How Gambling Addiction Can Control Your Life

Gambling addiction can have a profound impact on your health and happiness. Sometimes, people who struggle with a gambling addiction try to dismiss or justify the problem because gambling isn’t a substance with physical health risks. However, the consequences of a gambling addiction are very real and very painful.
The financial loss is usually the first major consequence for someone with a gambling addiction. Even though you’re losing money, you feel like you can’t stop. You might go into debt or sell anything you possibly can to get more money to gamble. As the addiction gets stronger, you may find yourself going to drastic lengths to find more money.
Gambling also takes time away from the rest of your life. You may lose all of your other hobbies and passions because you spend every free moment gambling, or you may become distant from your friends or family. As gambling becomes a bigger and bigger part or your life, it becomes even harder to give it up.
The strained relationships that result from a gambling addiction are incredibly challenging, too. You may feel like you need to lie to your loved ones to conceal your gambling behavior. When they express concern or draw attention to the addiction, you might lash out in anger or distance yourself from the relationship. The resulting social isolation can have a terrible impact on your mental health.

Treating Gambling Addiction With Therapy

Menachem Psychotherapy Group provides therapy for gambling addiction. Our gambling addiction therapists can help you explore how gambling has affected your life and how you can overcome the addiction. By working through the addiction with a professional, you set yourself up for long-term success.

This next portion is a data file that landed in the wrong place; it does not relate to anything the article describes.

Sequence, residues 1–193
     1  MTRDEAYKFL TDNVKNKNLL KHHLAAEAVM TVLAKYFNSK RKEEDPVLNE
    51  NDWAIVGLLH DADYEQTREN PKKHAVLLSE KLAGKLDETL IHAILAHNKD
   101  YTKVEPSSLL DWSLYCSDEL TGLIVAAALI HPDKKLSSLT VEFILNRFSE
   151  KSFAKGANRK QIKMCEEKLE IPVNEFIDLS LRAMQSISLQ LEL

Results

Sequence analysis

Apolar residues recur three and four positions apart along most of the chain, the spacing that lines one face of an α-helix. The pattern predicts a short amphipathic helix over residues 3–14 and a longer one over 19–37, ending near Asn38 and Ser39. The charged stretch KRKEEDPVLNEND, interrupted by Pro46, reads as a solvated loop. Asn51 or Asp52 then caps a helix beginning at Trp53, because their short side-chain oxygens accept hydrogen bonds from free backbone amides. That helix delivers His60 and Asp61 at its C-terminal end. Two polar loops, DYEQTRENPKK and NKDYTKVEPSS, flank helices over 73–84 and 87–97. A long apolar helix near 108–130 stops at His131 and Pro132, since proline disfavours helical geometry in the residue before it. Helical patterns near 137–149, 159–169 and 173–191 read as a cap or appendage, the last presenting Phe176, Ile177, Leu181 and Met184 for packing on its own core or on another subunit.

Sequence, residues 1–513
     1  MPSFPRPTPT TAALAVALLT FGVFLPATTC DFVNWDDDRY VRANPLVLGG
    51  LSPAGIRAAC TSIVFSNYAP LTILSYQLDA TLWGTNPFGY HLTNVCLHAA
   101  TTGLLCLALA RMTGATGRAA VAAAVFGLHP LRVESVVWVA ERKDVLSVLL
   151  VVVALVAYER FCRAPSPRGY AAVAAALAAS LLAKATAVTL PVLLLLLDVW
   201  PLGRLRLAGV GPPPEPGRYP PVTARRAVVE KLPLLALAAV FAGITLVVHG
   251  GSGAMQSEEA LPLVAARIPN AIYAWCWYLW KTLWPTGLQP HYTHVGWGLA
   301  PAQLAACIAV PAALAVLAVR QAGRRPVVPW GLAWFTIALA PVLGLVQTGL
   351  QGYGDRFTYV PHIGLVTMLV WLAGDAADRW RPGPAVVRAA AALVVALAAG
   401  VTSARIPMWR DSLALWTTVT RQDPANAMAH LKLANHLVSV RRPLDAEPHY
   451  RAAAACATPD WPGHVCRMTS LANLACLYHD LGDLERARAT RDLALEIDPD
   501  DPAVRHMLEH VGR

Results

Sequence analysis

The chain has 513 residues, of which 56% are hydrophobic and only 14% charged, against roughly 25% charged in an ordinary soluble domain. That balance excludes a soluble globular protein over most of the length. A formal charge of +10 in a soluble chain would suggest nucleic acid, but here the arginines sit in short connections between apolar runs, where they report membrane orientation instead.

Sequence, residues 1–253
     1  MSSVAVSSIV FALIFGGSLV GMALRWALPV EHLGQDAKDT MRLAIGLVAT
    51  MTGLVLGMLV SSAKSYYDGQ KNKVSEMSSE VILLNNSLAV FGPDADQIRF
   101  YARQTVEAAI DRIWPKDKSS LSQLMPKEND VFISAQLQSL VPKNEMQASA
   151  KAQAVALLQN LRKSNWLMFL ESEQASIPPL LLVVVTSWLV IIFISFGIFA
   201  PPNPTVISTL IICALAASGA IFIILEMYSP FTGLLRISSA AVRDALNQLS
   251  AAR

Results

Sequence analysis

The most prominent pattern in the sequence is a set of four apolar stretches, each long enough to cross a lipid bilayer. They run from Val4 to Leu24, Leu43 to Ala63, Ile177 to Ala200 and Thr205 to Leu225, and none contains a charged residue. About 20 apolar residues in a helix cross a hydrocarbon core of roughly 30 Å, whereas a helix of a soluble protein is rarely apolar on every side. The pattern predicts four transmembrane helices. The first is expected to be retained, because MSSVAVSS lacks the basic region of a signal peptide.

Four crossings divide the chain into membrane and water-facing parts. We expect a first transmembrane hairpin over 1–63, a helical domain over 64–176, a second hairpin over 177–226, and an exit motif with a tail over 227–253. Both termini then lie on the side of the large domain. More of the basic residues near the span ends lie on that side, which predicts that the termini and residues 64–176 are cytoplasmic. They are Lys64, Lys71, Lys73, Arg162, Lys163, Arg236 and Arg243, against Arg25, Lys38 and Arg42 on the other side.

Therapy is a highly personal experience, so you and your counselor can develop an approach that works best for your needs. Many people use cognitive behavioral therapy to treat their gambling problem, which is an exploration of how your thoughts, beliefs, and behaviors connect. Your therapist will help you recognize the unhealthy thinking patterns that drive your behaviors. Then, you can replace these negative thoughts with positive, constructive thoughts. As a result, the desire to engage in unhealthy behaviors decreases.

Some people also participate in family or relationship counseling as they work through their addiction. A gambling addiction can significantly impact your relationship with your loved ones, so addressing the concerns in your family structure is vital. Counseling can be a great opportunity for your loved ones to express how the addiction has affected them. Then, everyone can work together to heal the bonds that have been disrupted by the addiction.

A gambling addiction can destroy your mental health, your relationships, and your finances, but help is available. If you’re looking for a gambling addiction therapist in Los Angeles, Menachem Psychotherapy Group is here to help. You can contact us today to learn more about therapy for gambling addiction.